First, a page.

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Friday, October 21, 2011

Open and Closed

Composing is not just about the design of the painting, nor is it just about the subject.  Rather it is about choices:  it is about how we select the subject, how much of it we select, then how we express our choice on the two-dimensional space we've chosen.

Sometimes painters choose to engage the viewer by giving a limited number of clues about their work's content, giving the piece a sense of mystery. One classic method for doing this is something called an open composition.

Whereas in a closed composition the entire subject appears within the edges of a painting, the open composition shows only part of the subject .  In photographers language, the image is cropped.

Look at the photos below:


We know this is a person, but where is she? Outdoors or looking out an open window?  What is she doing?  Is she gazing out over a landscape?  Is the wind blowing her hair?  An open composition might crop out any degree of information allowing us, the viewers, to complete the story or simply ask questions.  



Still an open composition, this selection and placement gives us more clues.  Now we know she's on a bicycle, but is she riding or resting?  Is she wearing shorts or slacks or a skirt?  Is she making a turn or about to crash into a fence?


Here we have a little more information--we know she's wearing shorts, but we still don't see all the image.  We still don't know whether she is riding or resting or about to crash.  Her hair tells us motion is coming from somewhere, but is it from how she's moving or is it wind?  The composition is still open.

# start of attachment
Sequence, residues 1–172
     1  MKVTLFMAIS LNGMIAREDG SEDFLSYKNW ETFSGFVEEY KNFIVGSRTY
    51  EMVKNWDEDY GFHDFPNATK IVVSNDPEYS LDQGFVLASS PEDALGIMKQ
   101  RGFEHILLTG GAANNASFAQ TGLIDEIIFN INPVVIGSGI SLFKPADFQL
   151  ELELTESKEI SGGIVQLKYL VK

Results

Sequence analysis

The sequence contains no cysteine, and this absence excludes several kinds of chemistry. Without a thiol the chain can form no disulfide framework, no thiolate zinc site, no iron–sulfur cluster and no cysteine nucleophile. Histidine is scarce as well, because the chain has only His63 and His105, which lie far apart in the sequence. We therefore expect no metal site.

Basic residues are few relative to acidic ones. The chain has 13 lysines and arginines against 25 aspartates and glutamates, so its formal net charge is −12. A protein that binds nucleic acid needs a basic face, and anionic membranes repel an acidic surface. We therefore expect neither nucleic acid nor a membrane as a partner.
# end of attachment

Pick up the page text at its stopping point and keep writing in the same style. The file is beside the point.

But in this photo, the story is complete giving us a closed composition where the entire image is shown to us.   The girl is riding her bike and about to make a turn from one trail onto another alongside a fence. About the only question left is whether the wind is blowing or whether she's making a speedy turn.

One thing we might note is that the closed composition doesn't engage us so much as the open compositions did.  Making this selection for a painting will require making additional choices to keep our audience engaged.

Twentieth century artist Georgia O'Keeffe often used open composition, zooming into the center of things to find her subject.  At first glance we see an abstract design, but looking closer we realize we are gazing into the center of a flower.

"Red Canna"    Oil on Canvas     Georgia O'Keefe  1887-1986

But twentieth-century artist Edward Hopper uses the device in another way.  Is it to kinder our imaginations or for it's spatial design?  Or perhaps he was teasing us.

"Light at Two Lights"   Watercolor   Edward Hopper  1882-1967
The visual language speaks to our senses, our intellects, our intuitions and our emotions.  The use of open composition stands a good chance of strongly tapping into all four.

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See my most recent painting at One Artist's Journey.  A new painting is posted each Sunday.

1 comment:

RH Carpenter said...

I'm really enjoying reading your posts and learning quite a bit, too. Thanks for sharing!